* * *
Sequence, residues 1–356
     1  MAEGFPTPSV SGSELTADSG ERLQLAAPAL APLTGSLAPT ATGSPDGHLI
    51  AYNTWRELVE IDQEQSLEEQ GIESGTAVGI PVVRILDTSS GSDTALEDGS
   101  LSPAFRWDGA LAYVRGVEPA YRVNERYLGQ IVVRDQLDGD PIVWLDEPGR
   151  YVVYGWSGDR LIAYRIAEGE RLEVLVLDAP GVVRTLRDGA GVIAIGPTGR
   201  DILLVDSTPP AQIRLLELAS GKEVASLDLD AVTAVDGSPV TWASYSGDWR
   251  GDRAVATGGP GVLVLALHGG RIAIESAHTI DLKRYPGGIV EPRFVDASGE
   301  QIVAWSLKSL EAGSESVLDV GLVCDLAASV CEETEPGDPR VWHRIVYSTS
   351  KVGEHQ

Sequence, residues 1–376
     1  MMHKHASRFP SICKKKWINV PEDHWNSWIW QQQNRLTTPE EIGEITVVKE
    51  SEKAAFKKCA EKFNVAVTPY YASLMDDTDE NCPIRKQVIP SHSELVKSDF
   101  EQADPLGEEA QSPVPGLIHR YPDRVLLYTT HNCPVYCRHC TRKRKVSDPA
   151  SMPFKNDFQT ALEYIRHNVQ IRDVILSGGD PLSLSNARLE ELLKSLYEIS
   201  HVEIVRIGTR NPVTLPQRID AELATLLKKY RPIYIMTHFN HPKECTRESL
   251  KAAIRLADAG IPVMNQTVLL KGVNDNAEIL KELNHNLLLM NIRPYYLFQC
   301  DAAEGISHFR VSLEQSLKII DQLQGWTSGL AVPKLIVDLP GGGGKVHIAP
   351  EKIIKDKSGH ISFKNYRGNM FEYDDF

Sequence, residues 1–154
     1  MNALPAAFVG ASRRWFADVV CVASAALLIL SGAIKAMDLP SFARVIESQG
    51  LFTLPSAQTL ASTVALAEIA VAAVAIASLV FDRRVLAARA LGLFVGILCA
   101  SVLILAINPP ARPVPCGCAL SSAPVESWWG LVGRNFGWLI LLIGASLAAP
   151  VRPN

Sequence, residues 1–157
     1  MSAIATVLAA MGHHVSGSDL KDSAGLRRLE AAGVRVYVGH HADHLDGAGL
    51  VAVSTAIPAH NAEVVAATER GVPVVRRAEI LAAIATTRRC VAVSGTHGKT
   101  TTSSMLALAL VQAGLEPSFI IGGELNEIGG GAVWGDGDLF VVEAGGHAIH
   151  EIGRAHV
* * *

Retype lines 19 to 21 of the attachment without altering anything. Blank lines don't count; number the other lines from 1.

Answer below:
Sequence, residues 1–154
     1  MNALPAAFVG ASRRWFADVV CVASAALLIL SGAIKAMDLP SFARVIESQG
    51  LFTLPSAQTL ASTVALAEIA VAAVAIASLV FDRRVLAARA LGLFVGILCA